It is possible that the progression to cirrhosis rather the postcirrhosis course that was included in this study may be more dependent on microbiota-ADI interactions. For instance, patients with lower SES may be more likely to be obese, have lower access to healthier foods such as yogurt and high-fiber diets, and have lesser access to services that reduce alcohol and drug dependence (4,19,20,32,40). These may in turn affect the microbiota, brain function, and increase progression of patients with lower ADI toward cirrhosis (41–44). However, we found that once cirrhosis has set in, despite analyzing these factors from a univariate and multivariable approach, ADI was not significantly associated with cognitive testing results or microbiota composition in this cohort of people with cirrhosis.

Our study, although novel in its approach to understanding social determinants in cirrhosis and microbiome, has several limitations. This was a cross-sectional study only focused on patients who had already developed cirrhosis. It is possible that other, unexamined social determinants are implicated in the pathway toward interaction of environment, microbiota, and cirrhosis and HE development. ADI is distinct from individual SES and is a construct designed to capture allostatic load of living in an area and is not intended to capture the economic situation of an individual or family (3). Accordingly, we found that ADI was associated with education in this population. However, we did not inquire regarding personal and family income in our patients to evaluate how ADI links with SES in this population. That said, ADI generally has been found to contribute to health outcomes, independent of SES (5,6,18). In addition, we included self-identified race and ethnicity not as a biological construct but rather a measure of diversity in our cohort (45).

In conclusion, neighborhood disadvantage, which is a surrogate measure of income, education, employment, and housing quality, was associated with gut microbiota composition in cirrhosis on univariable analysis. However, when cirrhosis-related variables were included, the influence of area deprivation index on cognitive impairment and microbial composition did not remain significant. Microbiota related to short-chain fatty acid and lactic acid production was linked with cognitive impairment independent of area deprivation index rankings. Further exploration of aspects of socioeconomic status other than area deprivation rankings and focusing on patients before cirrhosis has developed are needed to determine the contribution of social determinants of health on microbiota and cognitive impairment.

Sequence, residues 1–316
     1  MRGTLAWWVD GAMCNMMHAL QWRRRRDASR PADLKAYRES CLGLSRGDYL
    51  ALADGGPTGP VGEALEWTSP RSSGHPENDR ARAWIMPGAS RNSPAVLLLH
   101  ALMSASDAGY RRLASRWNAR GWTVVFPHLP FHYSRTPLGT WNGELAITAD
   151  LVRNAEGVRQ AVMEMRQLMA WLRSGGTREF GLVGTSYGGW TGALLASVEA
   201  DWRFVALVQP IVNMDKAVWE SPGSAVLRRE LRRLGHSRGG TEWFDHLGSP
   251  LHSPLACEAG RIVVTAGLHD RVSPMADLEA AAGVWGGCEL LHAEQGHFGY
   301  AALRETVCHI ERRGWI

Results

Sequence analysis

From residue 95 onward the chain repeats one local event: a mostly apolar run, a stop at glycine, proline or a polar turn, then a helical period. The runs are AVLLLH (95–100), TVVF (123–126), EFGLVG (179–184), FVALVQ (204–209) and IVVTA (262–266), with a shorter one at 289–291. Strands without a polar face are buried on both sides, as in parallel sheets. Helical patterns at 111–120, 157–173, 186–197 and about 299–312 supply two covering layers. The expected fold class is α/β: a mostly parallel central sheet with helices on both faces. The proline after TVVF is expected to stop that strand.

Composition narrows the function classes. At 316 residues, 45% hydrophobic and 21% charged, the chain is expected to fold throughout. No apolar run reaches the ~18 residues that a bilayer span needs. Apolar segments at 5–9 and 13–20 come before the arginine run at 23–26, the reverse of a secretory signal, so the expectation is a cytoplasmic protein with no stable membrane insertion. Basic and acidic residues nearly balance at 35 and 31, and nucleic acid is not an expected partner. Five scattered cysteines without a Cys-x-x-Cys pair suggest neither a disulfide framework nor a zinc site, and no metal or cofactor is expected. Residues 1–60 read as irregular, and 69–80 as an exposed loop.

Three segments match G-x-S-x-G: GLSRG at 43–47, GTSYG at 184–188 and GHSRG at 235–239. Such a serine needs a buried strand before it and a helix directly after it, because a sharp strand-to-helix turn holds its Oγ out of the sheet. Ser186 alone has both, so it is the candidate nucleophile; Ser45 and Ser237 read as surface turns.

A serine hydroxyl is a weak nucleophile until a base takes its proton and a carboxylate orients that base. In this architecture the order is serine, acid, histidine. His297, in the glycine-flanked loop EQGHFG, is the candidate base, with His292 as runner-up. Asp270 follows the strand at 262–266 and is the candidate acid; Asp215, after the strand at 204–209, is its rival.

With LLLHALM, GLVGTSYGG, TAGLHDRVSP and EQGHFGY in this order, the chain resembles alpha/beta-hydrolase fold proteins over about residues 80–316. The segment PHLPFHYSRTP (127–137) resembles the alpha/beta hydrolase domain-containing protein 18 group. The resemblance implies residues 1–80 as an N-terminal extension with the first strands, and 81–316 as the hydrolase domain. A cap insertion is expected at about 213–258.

CONFLICTS OF INTEREST

Guarantor of the article: Jasmohan S. Bajaj, MD.

Specific author contributions: J.S.B. was involved in all aspects. A.F., S.M., and R.K.S. were involved in research conduct and data/sample collection. M.S. and P.M.G. were involved in microbiota analysis. S.R. was involved in critical revision.

Financial support: This work was supported in part by 2I0CX00176 VA Merit Review and R21TR003095 to J.S.B. The funders had no role in the collection, analysis, and interpretation of data; in the writing of the report; and in the decision to submit the paper for publication.

Potential competing interests: None to report.

IRB approval: This protocol was approved by the Richmond VA and VCU IRBs.

Study Highlights

WHAT IS KNOWN

  • ✓ Neighborhood disadvantage is associated with poor access to healthier diet and social and medical services and can associate with altered gut microbiota.
  • ✓ Cirrhosis is also associated with altered gut microbiota that work through the gut-brain axis to promote encephalopathy.
  • ✓ The impacts of neighborhood disadvantage and altered microbiota on cognitive dysfunction in patients with cirrhosis are unknown.

WHAT IS NEW HERE

  • ✓ In this cohort of outpatients with cirrhosis, the area deprivation index was not significantly associated with cognitive performance or hepatic encephalopathy.
  • ✓ Although the area deprivation index was associated with lower gut microbes that produce short-chain fatty acids and higher lactate producers and there were differences in beta-diversity, this association did not remain significant on multivariable analysis.
  • ✓ The impact of cirrhosis on gut microbiota may be so profound that associations between area deprivation index and microbiota are less important.